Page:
Toronto mayor urges federal, provincial governments to help pay for Relief Line

Click to play video: 'Toronto calls on Ontario to help fund TTC relief line' Toronto calls on Ontario to help fund TTC relief line
WATCH ABOVE: Toronto Mayor John Tory announced Monday that he would be asking the Ontario government to match whatever amount that the federal government contributes to the transit project – Apr 3, 2017

Toronto Mayor John Tory is calling on the federal and provincial governments to help fund the downtown Relief Line for a subway system transit officials say will be “saturated and overwhelmed” by 2031.

“It’s a project that still is 11 or 12 years away, so that means that the more we can be definitive about having the financing in place so that we know for sure it’s proceeding, with three partners on board, the faster we can get it up and running,” Tory told reporters during a press conference at the Yonge-Bloor subway station Monday morning.

With the provincial budget expected to come down in the coming weeks, Tory said he is waiting on funding news as the city cannot move forward with any new transit expansion projects without the help of the Ontario government.

WATCH: Mayor John Tory says future of Toronto transit in the hands of the province. Marianne Dimain reports.

Click to play video: 'Mayor John Tory says future of Toronto transit in the hands of the province' Mayor John Tory says future of Toronto transit in the hands of the province
Mayor John Tory says future of Toronto transit in the hands of the province – Apr 3, 2017

“Projects which are not funded don’t go anywhere,” Tory said. “If this project can be funded by the other two orders of the government, I think it will put an onus on us to proceed ahead to determine how our share is going to be determined.”

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Tory said Toronto was dealt a huge blow earlier this year after the provincial government nixed the city’s plan to implement road tolls on the municipally operated Don Valley Parkway and Gardiner Expressway as a way to pay for hundreds of millions in new transit costs.

“The road tolls decision was a huge setback for us because it would have put the funding in place that would have allowed us to say that our share is guaranteed,” Tory said.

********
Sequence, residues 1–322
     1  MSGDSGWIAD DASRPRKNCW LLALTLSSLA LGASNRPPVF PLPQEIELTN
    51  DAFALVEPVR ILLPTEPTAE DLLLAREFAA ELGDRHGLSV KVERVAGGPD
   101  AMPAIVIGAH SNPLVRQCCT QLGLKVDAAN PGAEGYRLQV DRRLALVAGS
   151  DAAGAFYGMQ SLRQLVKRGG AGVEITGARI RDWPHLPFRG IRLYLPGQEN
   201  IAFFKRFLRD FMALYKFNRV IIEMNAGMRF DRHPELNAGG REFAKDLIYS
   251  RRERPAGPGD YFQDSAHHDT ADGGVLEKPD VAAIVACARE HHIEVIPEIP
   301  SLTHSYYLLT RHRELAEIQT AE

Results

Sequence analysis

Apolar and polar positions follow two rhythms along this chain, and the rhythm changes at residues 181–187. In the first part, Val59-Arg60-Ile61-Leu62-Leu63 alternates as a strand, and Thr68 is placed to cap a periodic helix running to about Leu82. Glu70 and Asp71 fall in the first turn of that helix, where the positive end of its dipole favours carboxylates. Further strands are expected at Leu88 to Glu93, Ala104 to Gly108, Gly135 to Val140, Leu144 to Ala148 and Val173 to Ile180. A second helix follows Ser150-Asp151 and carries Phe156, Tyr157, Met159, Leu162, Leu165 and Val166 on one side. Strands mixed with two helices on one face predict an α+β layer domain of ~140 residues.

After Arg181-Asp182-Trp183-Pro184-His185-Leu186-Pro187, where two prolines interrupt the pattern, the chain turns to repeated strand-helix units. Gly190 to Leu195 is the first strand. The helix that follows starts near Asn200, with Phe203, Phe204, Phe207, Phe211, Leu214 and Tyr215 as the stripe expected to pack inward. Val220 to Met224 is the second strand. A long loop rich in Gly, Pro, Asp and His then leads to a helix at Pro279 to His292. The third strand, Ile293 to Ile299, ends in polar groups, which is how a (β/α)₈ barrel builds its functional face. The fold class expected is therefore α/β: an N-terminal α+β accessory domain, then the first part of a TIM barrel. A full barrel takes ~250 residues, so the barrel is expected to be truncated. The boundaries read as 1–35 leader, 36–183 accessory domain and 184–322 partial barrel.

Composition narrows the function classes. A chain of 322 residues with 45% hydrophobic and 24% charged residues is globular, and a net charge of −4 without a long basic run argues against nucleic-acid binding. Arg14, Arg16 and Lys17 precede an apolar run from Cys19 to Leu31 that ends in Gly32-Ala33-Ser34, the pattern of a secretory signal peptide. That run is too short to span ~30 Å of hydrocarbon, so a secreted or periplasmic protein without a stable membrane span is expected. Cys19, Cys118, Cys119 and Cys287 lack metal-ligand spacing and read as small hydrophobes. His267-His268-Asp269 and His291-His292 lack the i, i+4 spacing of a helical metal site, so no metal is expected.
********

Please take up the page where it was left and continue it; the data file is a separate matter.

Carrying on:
READ MORE: Ontario announces $150M for planning, design of proposed subway Downtown Relief Line

Tory also lashed out at the possibility that the Yonge subway expansion north to York Region may be on the province’s transit priorities ahead of Toronto’s relief line.

“As much as I understand why that is desirable for people in York Region, but it would be irresponsible for me and my colleagues on city council to agree to expand that subway north before we had certainty with respect to the relief line because the subway is already stressed out,” Tory explained.

Toronto Transit Commission CEO Andy Byford said the Yonge-Bloor exchange station will be unable to deal with the projected growth in ridership by 2031 if a relief line is not in place by then.

READ MORE: Toronto mayor fumes at being treated like ‘little boy’ after Ontario nixes road tolls plan

“So although we’re taking additional measures up until that point to keep the service moving and that’s with these rocket trains and automatic train control which will be end-to-end on Line One by the end of 2019,” Byford said. “If by 2031 the relief line has not been constructed and it’s not opened than this station will not be able to cope.”

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Tory said city officials cannot be satisfied and rest on their laurels with regards to current projects such as the Toronto-York Spadina Subway Extension in Vaughan, which is expected to open by the end of the year, and the Eglinton Crosstown LRT.

“We must be building and planning and designing continuously and the relief line has been on the priority list for a long time,” he said.

“It is on the council approved priority list submitted to the federal government together with the Scarborough East LRT, the Waterfront LRT and SmartTrack and those are projects that must move forward.”

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